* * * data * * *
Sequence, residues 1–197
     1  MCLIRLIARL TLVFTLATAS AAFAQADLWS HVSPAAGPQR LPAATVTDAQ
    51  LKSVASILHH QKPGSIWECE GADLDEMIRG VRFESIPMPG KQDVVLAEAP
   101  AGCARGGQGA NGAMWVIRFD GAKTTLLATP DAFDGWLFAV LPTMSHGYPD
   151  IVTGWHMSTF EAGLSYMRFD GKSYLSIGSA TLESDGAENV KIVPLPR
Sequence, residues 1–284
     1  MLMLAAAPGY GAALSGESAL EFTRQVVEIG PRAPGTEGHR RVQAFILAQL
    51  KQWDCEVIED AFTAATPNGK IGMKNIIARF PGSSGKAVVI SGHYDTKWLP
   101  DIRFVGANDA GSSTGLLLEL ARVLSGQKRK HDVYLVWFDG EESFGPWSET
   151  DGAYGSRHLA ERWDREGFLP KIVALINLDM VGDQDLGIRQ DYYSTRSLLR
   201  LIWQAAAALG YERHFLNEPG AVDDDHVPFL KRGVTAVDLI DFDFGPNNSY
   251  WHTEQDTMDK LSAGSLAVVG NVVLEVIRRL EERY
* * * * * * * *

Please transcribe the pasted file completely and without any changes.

Sequence, residues 1–197
     1  MCLIRLIARL TLVFTLATAS AAFAQADLWS HVSPAAGPQR LPAATVTDAQ
    51  LKSVASILHH QKPGSIWECE GADLDEMIRG VRFESIPMPG KQDVVLAEAP
   101  AGCARGGQGA NGAMWVIRFD GAKTTLLATP DAFDGWLFAV LPTMSHGYPD
   151  IVTGWHMSTF EAGLSYMRFD GKSYLSIGSA TLESDGAENV KIVPLPR
Sequence, residues 1–284
     1  MLMLAAAPGY GAALSGESAL EFTRQVVEIG PRAPGTEGHR RVQAFILAQL
    51  KQWDCEVIED AFTAATPNGK IGMKNIIARF PGSSGKAVVI SGHYDTKWLP
   101  DIRFVGANDA GSSTGLLLEL ARVLSGQKRK HDVYLVWFDG EESFGPWSET
   151  DGAYGSRHLA ERWDREGFLP KIVALINLDM VGDQDLGIRQ DYYSTRSLLR
   201  LIWQAAAALG YERHFLNEPG AVDDDHVPFL KRGVTAVDLI DFDFGPNNSY
   251  WHTEQDTMDK LSAGSLAVVG NVVLEVIRRL EERY